Progressive Judaism – what is it?
Progressive Judaism is an umbrella term used to describe a variety of Jewish movements and groups which, since the nineteenth century, have been seeking ways to unite Jewish tradition and customs with modern values. Throughout history and across the world, Judaism has evolved and adapted. What distinguishes progressive Judaism (in its various forms) is that, typically, these groups have instituted changes that are not necessarily rooted in halacha (Jewish law).
Progressive Jewish associations include, among others, Reform Judaism, Liberal Judaism, Reconstructionist Judaism, and Jewish Renewal. Taken together, they represent a wide-ranging spectrum of views with regard to customs, practice, and theology. In general, progressive Judaism expands the scope of religious observance by granting full equality to all Jews, irrespective of gender or sexual orientation. Patrilineal descent (having a Jewish father but a non-Jewish mother) is accepted by many progressive Jewish groups.
There is no single progressive type of religious service or siddur (prayer-book), but most of them include some liturgy in the vernacular language in addition to Hebrew, and some transliterate the Hebrew text so it is more accessible to those who can’t read the original.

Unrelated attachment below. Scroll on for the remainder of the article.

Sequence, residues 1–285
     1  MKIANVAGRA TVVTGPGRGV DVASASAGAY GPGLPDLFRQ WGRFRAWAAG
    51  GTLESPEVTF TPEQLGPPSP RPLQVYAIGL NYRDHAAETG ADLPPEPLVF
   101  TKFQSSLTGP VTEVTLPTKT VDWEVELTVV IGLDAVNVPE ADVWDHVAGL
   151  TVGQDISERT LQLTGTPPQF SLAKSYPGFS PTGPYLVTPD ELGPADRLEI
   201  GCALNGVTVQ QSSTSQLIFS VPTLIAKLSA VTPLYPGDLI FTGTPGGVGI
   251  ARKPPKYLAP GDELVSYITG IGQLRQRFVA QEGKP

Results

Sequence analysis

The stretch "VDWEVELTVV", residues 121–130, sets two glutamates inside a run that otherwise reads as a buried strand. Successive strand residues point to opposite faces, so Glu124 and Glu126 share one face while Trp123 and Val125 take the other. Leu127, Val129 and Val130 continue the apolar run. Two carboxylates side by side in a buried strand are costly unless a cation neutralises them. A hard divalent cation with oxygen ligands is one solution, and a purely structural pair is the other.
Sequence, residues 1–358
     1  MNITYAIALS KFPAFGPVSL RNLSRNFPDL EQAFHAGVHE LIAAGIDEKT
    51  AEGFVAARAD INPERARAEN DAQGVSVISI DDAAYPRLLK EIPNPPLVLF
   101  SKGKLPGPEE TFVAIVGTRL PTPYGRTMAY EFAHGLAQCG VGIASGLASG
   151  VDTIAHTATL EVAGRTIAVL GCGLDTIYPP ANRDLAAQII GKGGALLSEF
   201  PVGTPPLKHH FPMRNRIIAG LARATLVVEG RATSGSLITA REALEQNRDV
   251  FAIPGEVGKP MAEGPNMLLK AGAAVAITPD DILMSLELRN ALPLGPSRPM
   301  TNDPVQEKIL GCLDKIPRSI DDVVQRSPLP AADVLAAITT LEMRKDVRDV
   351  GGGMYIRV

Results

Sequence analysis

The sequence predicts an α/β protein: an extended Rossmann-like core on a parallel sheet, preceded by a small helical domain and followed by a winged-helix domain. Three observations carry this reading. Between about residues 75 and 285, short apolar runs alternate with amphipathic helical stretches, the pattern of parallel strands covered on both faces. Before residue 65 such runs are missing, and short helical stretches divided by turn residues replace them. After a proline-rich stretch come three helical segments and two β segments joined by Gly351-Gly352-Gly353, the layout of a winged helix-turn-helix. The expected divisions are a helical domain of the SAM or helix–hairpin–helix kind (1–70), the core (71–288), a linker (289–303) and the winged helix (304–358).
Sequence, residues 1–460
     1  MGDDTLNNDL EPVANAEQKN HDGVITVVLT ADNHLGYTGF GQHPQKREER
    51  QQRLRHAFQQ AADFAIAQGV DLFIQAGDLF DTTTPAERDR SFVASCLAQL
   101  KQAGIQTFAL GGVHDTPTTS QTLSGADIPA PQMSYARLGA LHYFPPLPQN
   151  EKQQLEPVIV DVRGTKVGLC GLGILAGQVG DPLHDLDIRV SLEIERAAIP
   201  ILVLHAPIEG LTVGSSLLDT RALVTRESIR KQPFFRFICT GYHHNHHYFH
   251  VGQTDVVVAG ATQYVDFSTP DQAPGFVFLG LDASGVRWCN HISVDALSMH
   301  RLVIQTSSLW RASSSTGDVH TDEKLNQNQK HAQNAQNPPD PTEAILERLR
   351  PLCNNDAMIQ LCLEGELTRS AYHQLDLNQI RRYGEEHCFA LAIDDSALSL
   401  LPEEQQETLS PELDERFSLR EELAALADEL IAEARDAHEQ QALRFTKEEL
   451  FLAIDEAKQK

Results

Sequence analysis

The World Union for Progressive Judaism (https://wupj.org) established in London in 1926, is the international network of the Reform, Liberal, Progressive and Reconstructionist movements, serving an estimated 1.8 million members worldwide in more than 1,250 congregations in over 50 countries. Sukkat Shalom/Progressiv Judendom i Stockholm, is a member of WUPJ.
For more information about progressive Judaism in general or our local activities in Stockholm, contact Rabbi Rebecca Lillian (firstname.lastname@example.org)